The story behind the researching and writing of this profile is legendary. Gay Talese had been asked to profile Sinatra for Esquire, but when Talese arrived in Los Angeles Sinatra refused to be interviewed while burdened with a head cold. Instead of returning to New York without his story, Talese chose to hang around, hoping to be given the opportunity to interview the great man later. In the meantime, Talese watched at a distance, asking questions, taking mental notes and gradually fashioning a meticulous portrait that was to become incredibly telling — and amazingly accurate. Talese was there, for example, not 10 feet from the action, when Sinatra confronted Harlan Ellison, the young screen writer with the “Game Warden” boots, recording the dialog and the heat of the moment, as it happened — an example of a telling and evocative scene, as powerful and as creative as any ever written.
The publication of “Frank Sinatra Has a Cold” introduces a feature that will be continuing through many of our upcoming issues: the Creative Nonfiction Classic — essays, profiles, articles, some heretofore unrecognized or unremembered, like John McPhee’s paean to the Hershey Chocolate Co., “The Conching Rooms,” which is being published here for the first time anywhere since 1972. McPhee’s essay originally appeared in The New Yorker’s “Talk of the Town” section that, up until a few years ago, contained unsigned prose pieces by the magazine’s most prestigious writers, including John Updike, Joseph Mitchell and Lillian Ross. According to McPhee, “The Conching Rooms” is one of his favorite “Talk” pieces.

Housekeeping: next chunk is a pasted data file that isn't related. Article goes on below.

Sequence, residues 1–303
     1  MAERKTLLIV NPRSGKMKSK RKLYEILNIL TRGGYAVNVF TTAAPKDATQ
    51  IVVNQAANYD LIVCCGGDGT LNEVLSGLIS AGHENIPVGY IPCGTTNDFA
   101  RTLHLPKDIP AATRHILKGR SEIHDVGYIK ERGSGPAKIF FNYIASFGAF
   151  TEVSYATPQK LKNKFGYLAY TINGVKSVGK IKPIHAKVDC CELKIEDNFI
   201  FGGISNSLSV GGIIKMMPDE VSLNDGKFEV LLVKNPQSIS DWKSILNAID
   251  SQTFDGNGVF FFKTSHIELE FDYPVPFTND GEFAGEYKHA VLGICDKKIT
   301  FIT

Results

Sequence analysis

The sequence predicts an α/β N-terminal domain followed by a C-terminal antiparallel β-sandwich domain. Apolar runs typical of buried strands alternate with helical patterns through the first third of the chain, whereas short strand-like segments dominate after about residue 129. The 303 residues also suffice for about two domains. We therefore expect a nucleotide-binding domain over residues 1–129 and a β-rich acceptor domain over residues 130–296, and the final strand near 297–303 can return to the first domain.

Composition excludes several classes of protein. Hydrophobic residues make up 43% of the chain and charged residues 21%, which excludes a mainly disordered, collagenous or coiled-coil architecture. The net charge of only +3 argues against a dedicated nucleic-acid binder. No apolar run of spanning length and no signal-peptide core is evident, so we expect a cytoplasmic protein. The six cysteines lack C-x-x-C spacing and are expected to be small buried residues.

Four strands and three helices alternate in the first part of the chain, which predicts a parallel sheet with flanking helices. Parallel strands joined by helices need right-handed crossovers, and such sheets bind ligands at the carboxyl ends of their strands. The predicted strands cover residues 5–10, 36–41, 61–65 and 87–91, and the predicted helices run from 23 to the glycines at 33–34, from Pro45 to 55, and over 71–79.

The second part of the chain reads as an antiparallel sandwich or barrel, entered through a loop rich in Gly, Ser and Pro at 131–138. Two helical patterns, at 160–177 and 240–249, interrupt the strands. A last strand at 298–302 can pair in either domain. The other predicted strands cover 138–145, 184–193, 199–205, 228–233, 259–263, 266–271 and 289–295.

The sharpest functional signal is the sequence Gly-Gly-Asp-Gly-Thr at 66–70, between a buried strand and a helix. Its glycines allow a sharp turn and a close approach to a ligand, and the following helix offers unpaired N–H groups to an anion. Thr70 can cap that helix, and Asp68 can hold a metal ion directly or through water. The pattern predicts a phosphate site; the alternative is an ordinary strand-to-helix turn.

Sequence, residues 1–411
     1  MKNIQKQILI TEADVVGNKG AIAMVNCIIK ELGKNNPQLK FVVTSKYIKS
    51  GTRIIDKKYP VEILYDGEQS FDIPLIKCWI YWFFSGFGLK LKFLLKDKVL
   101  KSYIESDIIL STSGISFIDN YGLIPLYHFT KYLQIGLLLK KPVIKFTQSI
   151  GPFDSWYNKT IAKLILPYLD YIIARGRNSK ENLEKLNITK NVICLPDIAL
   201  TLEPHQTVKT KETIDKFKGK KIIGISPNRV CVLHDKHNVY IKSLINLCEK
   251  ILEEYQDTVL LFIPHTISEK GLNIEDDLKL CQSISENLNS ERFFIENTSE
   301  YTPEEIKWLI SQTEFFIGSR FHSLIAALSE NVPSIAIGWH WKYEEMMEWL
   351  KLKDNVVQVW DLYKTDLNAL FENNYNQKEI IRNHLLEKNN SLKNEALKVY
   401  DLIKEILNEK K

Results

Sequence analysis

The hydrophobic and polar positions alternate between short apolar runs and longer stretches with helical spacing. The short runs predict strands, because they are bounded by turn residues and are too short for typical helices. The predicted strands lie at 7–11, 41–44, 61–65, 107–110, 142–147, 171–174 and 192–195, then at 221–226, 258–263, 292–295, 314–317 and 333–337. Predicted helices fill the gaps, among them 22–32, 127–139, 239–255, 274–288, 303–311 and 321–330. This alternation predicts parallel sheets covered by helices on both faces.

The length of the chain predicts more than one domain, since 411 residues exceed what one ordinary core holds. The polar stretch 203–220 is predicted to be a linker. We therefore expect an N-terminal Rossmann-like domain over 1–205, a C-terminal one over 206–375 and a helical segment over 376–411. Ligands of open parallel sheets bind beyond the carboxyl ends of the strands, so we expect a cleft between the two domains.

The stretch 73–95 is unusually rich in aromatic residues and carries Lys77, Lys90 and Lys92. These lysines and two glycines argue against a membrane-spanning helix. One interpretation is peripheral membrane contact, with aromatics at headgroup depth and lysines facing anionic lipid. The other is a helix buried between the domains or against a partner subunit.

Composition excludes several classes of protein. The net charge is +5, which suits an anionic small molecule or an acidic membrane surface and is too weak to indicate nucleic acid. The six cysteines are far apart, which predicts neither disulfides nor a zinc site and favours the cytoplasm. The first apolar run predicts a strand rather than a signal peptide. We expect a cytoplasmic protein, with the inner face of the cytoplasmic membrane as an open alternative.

When told that Creative Nonfiction planned to unveil this rare “hidden McPhee,” he was delighted. He told a story about how the highly refined taste buds of the principal character in the essay, Bill Wagner, who alone determined that the chocolate being made was “Hershey” quality, reminded him of his own writing process and how he finally decided to release his articles and essays to his editors and writers. “I complain about all of the difficult and painful aspects of writing, but at the same time, I have always felt lucky that for better or worse, right or wrong, I seem to have a sense within myself of when it is ‘Hershey’s’ or right for me.”
Also included in this issue are new essays by writers who are not as well known as Talese and McPhee but equally “creative,” personally truthful and generally informational. Samuel F. Pickering, who has been described by a critic as perhaps the best unknown essayist in America is, in some respects, a more prominent personality than either Talese or McPhee because he was actually the inspiration for the Robin Williams character in the movie, “The Dead Poets Society,” a maverick teacher at an exclusive private school eventually dismissed because of his free-spirited philosophy and permissive but charismatic personality.
Pulitzer Prize-winner Louis Simpson and Jonathan Holden are respected poets who have infrequently crossed genres to write nonfiction prose. Elizabeth Hodges and Lisa Knopp are new talents — young writers becoming increasingly comfortable and adventure — some with the essay form.